Special purpose acquisition companies (SPACs) are enjoying their moment in the sun. They’ve shot into prominence as a way for startups to make an initial public offering (IPO) and join public stock exchanges. They offer founders unprecedented speed. And for some investors — more on that later — they can provide unique advantages.
There were double the number of SPAC IPOs in 2020 than there were in 2019. And for an extended period last year, funds raised through SPAC deals exceeded traditional IPOs.
So, what are SPACs?
A SPAC is a shell company that almost anybody can start. It attracts institutional money based on the investing acumen and reputation of its founding team. When it goes public through IPO, it chooses a startup to merge with and negotiates a purchase price for that company. Then the SPAC raises more institutional money to meet that purchasing price before buying the startup. Only then does it resemble other listed companies. And only then can public investors assess the company based on traditional factors like growth and profit potential. If they like what they see, its shares go up. If not, they go down.
Sounds good? Well, at least fair and reasonable? Not so fast. There are many reasons for everyday investors to dislike SPACs. They have some major built-in advantages that favor institutional investors.
Much like traditional IPOs, everyday investors can’t invest before the company actually goes public. But institutional investors can. After the IPO, the shell company selects a startup to merge with — and institutional investors get to approve the choice. Everyday investors are shut out. If the SPAC’s pick is approved but institutional investors don’t like the choice — or they simply don’t think the share price is going to increase — they can get ALL their money back… no questions asked.
This “satisfaction guaranteed or your money back” offer does not extend to everyday investors. They can sell their shares… a right accorded to all public stock investors. But share prices might have dropped in the meantime — meaning everyday investors could lose money on a deal they didn’t get any say in.
There’s more. As an incentive to invest pre-IPO, institutional investors get warrants. Let’s say they bought a thousand shares at $10 a share. They can also get warrants to buy a thousand more at $11 a share. If the shares pop to $16, they can exercise their warrants and pocket the 60% gains not only on their original investment but on the extra thousand shares, doubling their profit.
And as you might have guessed, everyday investors don’t get to unwrap this nice little gift. Warrants are not an option for them.
Let’s review. Both everyday and institutional investors invest initially in the shell company based on the reputation and skill of the founding team. Pretty flimsy… and risky. While it still seems like risk is shared equally at this point, it’s an illusion. The institutional investors aren’t taking much of a risk after all. If they don’t like the startup chosen to merge with the shell company, they can opt out and get ALL their money back. If they choose to continue with their investment and prices pop, they can double down through warrants. The ability to significantly reduce risk and dramatically raise upside is theirs alone.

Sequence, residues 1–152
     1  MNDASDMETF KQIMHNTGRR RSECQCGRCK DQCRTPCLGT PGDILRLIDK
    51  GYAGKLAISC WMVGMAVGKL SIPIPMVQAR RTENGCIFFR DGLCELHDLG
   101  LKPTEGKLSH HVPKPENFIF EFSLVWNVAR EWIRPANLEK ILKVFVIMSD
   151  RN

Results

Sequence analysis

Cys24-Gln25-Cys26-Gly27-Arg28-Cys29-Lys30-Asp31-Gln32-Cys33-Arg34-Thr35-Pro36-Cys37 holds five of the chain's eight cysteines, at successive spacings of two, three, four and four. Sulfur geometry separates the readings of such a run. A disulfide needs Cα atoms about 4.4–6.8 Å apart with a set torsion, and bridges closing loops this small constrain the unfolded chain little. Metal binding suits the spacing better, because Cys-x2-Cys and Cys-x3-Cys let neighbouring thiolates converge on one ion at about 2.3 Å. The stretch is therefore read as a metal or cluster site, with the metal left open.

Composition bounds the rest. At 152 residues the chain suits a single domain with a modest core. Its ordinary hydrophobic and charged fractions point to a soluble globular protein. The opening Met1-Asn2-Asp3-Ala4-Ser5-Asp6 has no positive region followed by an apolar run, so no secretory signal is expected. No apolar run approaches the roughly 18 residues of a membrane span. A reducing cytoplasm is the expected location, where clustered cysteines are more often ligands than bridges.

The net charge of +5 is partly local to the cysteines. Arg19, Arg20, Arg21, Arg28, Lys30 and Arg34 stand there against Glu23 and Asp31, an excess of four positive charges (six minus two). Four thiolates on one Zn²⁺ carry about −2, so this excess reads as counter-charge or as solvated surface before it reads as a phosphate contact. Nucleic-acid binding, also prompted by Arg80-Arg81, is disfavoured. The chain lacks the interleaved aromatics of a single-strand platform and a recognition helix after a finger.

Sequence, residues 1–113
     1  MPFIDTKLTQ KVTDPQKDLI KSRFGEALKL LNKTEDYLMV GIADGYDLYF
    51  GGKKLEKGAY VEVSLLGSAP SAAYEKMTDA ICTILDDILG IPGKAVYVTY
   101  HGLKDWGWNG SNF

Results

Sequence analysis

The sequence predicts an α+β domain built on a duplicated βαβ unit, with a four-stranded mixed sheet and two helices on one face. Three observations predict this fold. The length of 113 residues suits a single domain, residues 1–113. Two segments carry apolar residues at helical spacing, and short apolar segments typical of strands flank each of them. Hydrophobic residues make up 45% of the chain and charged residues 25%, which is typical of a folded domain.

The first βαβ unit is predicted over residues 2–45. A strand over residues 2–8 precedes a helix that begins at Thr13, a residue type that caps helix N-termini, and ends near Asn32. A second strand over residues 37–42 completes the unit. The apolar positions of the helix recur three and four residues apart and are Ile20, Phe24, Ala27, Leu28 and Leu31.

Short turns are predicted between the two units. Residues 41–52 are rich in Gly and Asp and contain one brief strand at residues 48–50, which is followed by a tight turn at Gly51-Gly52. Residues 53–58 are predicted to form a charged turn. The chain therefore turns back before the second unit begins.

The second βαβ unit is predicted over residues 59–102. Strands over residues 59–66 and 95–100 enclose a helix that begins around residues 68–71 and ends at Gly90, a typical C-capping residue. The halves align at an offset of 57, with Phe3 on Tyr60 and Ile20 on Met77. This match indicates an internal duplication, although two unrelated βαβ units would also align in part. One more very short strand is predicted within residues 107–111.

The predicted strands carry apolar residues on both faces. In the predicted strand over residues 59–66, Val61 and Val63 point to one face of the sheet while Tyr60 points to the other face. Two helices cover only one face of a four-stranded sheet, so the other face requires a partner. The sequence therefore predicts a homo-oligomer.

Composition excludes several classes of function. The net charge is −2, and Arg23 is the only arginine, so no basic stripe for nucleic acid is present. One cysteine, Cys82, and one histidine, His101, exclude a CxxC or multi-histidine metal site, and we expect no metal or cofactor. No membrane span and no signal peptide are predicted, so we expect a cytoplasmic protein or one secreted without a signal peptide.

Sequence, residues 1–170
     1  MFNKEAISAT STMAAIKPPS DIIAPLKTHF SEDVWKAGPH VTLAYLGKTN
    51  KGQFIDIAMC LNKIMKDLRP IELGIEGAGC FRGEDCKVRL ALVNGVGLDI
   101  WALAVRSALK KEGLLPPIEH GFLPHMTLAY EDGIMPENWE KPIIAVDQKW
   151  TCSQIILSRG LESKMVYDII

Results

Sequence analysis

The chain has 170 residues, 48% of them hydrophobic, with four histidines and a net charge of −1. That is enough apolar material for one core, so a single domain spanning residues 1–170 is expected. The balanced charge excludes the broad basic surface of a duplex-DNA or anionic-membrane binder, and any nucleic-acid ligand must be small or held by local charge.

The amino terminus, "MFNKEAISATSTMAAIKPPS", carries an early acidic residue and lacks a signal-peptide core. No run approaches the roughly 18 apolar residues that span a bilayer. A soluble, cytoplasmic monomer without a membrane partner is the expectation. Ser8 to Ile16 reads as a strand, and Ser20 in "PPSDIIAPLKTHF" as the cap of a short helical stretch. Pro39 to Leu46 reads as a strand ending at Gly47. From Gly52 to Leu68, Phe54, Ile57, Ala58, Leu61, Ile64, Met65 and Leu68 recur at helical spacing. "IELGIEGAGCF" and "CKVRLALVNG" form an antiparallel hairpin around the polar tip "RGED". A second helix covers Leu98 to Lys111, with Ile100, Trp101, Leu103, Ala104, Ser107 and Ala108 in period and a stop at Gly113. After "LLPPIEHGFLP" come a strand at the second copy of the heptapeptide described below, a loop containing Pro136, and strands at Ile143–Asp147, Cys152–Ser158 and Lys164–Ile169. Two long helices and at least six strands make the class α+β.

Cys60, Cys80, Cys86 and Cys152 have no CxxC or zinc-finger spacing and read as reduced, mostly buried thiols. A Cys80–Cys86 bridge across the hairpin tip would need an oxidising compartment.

While there is upside to be had for everyday investors, it’s not nearly as much as for institutional investors. And while there is risk for institutional investors, it’s not nearly as much as there is for everyday investors. The risk-reward ratio just isn’t balanced between the two groups. SPACs are structured to benefit a specific segment of financial players — the wealthy and institutional investors.
Yet there is a silver lining. And it’s a pretty big one as far as early-stage investors are concerned. SPACs represent another path startups can take to reach liquidity. This is a big deal when you’re sitting on startup shares that have gone up 50X, 100X or 200X — but you can’t cash them out because they’re illiquid.
There are different types of liquidity events. The most common is a company buying the startup for cash. Traditional IPOs are another way companies can reach liquidity. And there are non-traditional IPO pathways like direct listings and SPACs. Companies that do Regulation A+ raises technically have the option of listing on public exchanges or Over-The-Counter markets. But this option is seldom used to date.
Illiquidity is the last hurdle before getting paid in cold cash. As flawed and unfair as SPACs are, if they allow more startups to reach liquidity, I suppose I can’t totally hate them.
Are there any circumstances under which I can imagine investing or recommending SPACs? I’ve learned never to say never. So I’ll leave the door ever so slightly ajar. If the SPAC is led by rock-star investors and they’re in a frontier space I don’t have easy access to (something like psychedelic drugs as a hypothetical), then maybe I might be tempted to invest… But that chance seems pretty unlikely right now.
Otherwise, I’m staying away from SPACs. They’re a sweet setup for institutional investors — but not for the likes of you and me. High risk should be taken on only if the upside is large and irresistible. But with SPACs it’s constrained and unknown. And that’s no way to succeed as an early investor.